Then, in our gospel today, we are told of the justice and mercy of the vineyard owner--who represents God in the parable. The vineyard owner goes out and hires various labourers at different times of the day to work in the vineyard for the agreed upon daily wage. At the end of the day, it is the ones who started work last who are paid their wages first. Moreover, they are paid the same wages as everyone else. Now to those who worked in the heat all day long this did not seem fair or just, and they were envious, so they protested. But Jesus insists that God’s ways of justice and mercy are different than our misinterpreted and misunderstood notions of them; and concludes the parable by telling them: “So the last will be first, and the first will be last.”


One of my favourite singer-songwriters is Canadian musician, Bruce Cockburn. In one of his songs a few years ago, he included this very thought provoking line: “Everyone wants justice done on somebody else.” I think there’s a great truth in that line. Who really wants to be on the short end of the stick of justice? For a moment, place yourself in the feet of the Egyptians losing your silver and gold; or the nations losing your land, possessions and wealth; or the workers in the vineyard who worked in the heat all day long, yet were paid last and given the same wages as those who worked only one hour. Most of us, truth to tell, would rather be on God’s side, wouldn’t we? Most of us would rather be the Israelites and the labourers who worked for only one hour in the parable.


In the Hebrew language, it’s rather interesting that one of the English translations of the word justice is “loving-kindness.” I rather like that word, since it certainly links up to the meaning of mercy in the Bible. It is true that out of loving-kindness for God’s Chosen People, God exercised justice and mercy on them--giving them freedom, wealth, a land to live in, and many other blessings. They, at the time, were the underdogs, the weak, the poor, the oppressed, and God is clearly a God who is on the side of such people. We see that consistently throughout both Testaments of the Bible. God’s justice does take action to favour the most needy. Yet, God’s justice is also expressed as loving-kindness. I would hope and believe that God had mercy even on the Egyptians and those people who lost their lands and wealth to the Israelites. Indeed, this very point is made in one Jewish Midrash story, where God is crying after Israel is freed from the Egyptians. Someone asks God why he was crying, and God replies: “The Egyptians are my people too.”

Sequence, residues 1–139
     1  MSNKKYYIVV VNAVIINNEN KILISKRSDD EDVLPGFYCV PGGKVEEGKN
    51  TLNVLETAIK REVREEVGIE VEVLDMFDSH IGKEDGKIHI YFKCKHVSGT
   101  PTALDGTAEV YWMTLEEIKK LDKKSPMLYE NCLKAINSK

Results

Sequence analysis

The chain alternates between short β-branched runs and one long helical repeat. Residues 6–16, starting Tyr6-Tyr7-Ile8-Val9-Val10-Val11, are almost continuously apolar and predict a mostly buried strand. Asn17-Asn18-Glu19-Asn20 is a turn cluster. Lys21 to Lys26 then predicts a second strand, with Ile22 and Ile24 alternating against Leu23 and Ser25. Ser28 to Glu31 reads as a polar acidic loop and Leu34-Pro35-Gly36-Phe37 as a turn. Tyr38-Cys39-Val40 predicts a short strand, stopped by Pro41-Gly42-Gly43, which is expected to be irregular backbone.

From a faith point of view then, it seems to me that even the short end of the stick of God’s justice is an expression of God’s loving-kindness and mercy. I believe that this is especially true in our gospel parable today. God exercises justice in the sense that first, the vineyard owner finds as many idle labourers as he can to go to work. In employing these idle labourers, the vineyard owner is giving them a new sense of dignity and making it possible for them to obtain the basic necessities of life with their wages, rather than remain idle and unemployed and lacking dignity. Secondly, the owner of the vineyard is exercising mercy in the sense that every labourer is treated equally and receives the same wages. In God’s eyes, we are all favourites, regardless of what we’ve done or how long we’ve been workers in God’s vineyard. The point is not that we work for or deserve God’s mercy--we don’t, all of us are sinners. The point is that God treats all of us equally as his people precisely because we are all his people and thus we are all his favourites. In the details of equal treatment, there will most certainly be differences, because God sees into our hearts, minds and souls and knows exactly what each of us needs the most. What each of us needs the most is likely going to be different from person to person precisely because God created each one of us as unique people. In the end however, the issue regarding God’s justice and mercy is not who gets what and why. Rather, in the end, ultimately the real issue is the quality of our relationship with God. That’s what really matters. God wants each and every one of us to live a life of trust, love and gratitude in relationship with him and with one another. May each of us be granted the endless resources of his justice and mercy to do just that!         


1         Cited from: F. Gay, The Friendship Book, 1985 meditation for August 15.